Climate velocity, the speed at which ecotones are shifting north, is much faster than that. Our climate is changing ten to one hundred times faster than during a global warming event 55 million years ago known as the Paleocene-Eocene Thermal Maximum (PETM). During that “rapid” spike, palm trees successfully migrated to the Arctic circle, but they had thousands of years to make it there.

Dead blue oaks in Fresno County, California. They experienced excessive mortality during the 2012-16 drought. These hills may revert to grassland. Researchers want to use the genes of the survivors as stock for the future in the north. For a full presentation of blue oak gene-assisted migration see this presentation by the California Department of Fish and Wildlife.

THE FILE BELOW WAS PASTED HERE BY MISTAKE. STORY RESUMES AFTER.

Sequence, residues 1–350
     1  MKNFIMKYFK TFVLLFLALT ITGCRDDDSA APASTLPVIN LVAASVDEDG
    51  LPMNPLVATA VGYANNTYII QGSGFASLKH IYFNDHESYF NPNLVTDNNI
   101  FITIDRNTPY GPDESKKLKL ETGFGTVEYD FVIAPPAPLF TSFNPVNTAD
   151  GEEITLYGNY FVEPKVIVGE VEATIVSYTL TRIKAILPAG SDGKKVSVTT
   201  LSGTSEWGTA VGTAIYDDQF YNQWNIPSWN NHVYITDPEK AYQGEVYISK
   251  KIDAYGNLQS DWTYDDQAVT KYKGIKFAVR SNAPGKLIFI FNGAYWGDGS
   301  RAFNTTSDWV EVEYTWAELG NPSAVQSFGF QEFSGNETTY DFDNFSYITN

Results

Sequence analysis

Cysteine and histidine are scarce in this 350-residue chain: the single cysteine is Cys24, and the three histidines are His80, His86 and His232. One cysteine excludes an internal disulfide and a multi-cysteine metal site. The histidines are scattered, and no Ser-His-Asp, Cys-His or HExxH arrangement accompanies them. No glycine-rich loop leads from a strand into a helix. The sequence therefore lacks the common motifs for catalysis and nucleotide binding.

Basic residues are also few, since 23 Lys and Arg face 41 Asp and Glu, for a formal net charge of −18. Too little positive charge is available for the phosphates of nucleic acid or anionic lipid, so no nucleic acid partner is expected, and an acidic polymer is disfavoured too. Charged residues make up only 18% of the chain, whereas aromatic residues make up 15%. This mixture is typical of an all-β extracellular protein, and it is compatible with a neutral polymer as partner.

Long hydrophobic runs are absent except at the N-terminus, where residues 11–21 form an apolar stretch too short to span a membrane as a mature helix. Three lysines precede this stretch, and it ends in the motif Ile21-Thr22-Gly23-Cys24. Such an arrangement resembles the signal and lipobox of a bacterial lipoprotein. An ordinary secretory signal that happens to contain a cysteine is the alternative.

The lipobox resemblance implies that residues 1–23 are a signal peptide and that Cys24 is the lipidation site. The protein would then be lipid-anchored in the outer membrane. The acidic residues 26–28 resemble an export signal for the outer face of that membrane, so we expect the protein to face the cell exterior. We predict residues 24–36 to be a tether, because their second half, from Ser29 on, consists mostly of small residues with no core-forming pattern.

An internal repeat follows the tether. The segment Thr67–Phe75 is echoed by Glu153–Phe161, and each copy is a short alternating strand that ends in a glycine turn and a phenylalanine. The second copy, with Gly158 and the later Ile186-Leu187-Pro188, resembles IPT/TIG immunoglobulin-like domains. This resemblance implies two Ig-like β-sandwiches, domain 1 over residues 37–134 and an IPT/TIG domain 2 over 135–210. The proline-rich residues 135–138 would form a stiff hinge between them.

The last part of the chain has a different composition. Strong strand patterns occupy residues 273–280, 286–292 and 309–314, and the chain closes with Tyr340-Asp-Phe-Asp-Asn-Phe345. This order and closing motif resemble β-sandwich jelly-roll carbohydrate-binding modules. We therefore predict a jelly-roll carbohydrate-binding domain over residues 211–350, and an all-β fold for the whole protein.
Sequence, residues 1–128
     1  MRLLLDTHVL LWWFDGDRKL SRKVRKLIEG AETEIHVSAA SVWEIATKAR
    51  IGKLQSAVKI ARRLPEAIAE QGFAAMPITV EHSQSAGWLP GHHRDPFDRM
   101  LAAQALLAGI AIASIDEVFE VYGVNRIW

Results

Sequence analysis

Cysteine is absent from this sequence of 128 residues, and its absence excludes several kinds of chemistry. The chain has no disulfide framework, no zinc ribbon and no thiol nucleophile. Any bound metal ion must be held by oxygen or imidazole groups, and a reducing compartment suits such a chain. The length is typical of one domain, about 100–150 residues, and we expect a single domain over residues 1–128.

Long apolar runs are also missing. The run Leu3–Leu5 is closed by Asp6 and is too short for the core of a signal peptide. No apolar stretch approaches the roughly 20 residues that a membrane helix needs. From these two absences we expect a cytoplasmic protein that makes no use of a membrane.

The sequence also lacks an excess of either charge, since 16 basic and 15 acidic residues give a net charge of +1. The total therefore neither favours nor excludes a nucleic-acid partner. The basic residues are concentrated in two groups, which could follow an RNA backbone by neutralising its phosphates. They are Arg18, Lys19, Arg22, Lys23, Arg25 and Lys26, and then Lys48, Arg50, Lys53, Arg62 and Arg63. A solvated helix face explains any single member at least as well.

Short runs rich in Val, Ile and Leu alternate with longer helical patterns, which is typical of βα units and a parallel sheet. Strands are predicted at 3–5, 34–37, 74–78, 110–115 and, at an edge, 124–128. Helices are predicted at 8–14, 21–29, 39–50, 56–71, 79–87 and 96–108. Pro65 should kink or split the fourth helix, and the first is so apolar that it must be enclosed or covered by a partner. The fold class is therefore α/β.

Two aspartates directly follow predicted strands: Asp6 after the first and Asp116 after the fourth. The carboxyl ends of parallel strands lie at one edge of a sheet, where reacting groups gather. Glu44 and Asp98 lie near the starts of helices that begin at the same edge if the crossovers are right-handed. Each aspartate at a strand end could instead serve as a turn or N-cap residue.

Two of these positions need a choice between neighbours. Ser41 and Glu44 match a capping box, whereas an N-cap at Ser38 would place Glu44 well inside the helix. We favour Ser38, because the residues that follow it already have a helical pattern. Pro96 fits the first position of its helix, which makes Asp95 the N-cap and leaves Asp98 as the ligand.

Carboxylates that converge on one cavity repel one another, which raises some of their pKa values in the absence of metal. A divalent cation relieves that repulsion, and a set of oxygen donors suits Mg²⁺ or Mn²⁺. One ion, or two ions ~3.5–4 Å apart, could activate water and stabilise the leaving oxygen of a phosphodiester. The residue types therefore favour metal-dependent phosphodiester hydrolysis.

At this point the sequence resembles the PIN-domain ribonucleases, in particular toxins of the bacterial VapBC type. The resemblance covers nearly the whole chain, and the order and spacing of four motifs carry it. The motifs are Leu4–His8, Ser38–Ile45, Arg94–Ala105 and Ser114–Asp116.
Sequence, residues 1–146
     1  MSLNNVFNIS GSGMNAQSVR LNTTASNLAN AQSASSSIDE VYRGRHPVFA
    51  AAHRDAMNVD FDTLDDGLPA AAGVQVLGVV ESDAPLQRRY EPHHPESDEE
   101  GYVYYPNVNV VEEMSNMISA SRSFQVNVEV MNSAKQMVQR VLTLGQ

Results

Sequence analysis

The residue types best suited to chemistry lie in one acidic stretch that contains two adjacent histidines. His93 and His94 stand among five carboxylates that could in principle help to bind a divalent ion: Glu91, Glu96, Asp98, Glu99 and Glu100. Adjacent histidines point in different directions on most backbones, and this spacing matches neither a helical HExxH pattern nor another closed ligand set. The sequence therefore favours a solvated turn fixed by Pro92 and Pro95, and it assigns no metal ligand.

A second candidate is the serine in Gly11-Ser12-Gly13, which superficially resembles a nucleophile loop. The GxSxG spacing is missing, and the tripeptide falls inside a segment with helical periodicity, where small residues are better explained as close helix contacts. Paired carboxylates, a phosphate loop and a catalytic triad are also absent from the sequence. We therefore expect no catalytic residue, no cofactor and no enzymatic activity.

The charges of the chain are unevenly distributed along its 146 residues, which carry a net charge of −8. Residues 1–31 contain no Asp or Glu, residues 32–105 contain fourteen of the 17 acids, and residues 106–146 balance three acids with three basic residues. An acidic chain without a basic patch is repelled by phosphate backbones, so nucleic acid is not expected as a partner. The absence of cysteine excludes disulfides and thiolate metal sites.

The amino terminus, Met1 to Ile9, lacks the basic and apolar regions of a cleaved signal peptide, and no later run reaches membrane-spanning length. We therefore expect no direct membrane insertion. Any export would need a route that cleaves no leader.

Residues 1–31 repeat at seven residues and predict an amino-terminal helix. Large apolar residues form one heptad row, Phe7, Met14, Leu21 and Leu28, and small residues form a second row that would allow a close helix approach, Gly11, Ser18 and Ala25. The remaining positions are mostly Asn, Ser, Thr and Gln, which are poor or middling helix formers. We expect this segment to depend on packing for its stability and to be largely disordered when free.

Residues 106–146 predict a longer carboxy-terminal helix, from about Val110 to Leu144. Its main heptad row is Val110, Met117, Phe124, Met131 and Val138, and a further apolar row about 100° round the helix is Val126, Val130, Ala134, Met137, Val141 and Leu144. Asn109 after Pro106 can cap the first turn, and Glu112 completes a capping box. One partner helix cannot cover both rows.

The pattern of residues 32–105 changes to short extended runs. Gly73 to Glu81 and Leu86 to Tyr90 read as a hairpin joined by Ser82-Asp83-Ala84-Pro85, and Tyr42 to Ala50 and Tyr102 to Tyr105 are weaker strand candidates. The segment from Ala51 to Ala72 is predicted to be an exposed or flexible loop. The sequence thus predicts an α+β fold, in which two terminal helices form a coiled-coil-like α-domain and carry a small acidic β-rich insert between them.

While trees can’t walk, they can die. Range contraction of trees along their southern xeric (dry) edge is happening in the American West right with the speed of climate change. Blue oak die-offs are widespread in the southern third of their range. From California to Colorado, conifers such as Ponderosa pine and Douglas-fir are disappearing from lower elevations. To quote Davis et al (2019), “In areas that have crossed climatic thresholds for regeneration, stand-replacing fires may result in abrupt ecosystem transitions to nonforest states.” When people talk about California becoming Arizona, the cleanup hitter in that process may be fire, but the first batters are heat, drought stress, and bark beetles. After fires, decreased soil moisture and increased vapor pressure deficit (VPD) associated with climate change are leading to reduced probability of regeneration (Davis et al 2019). In short, many forests are not coming back.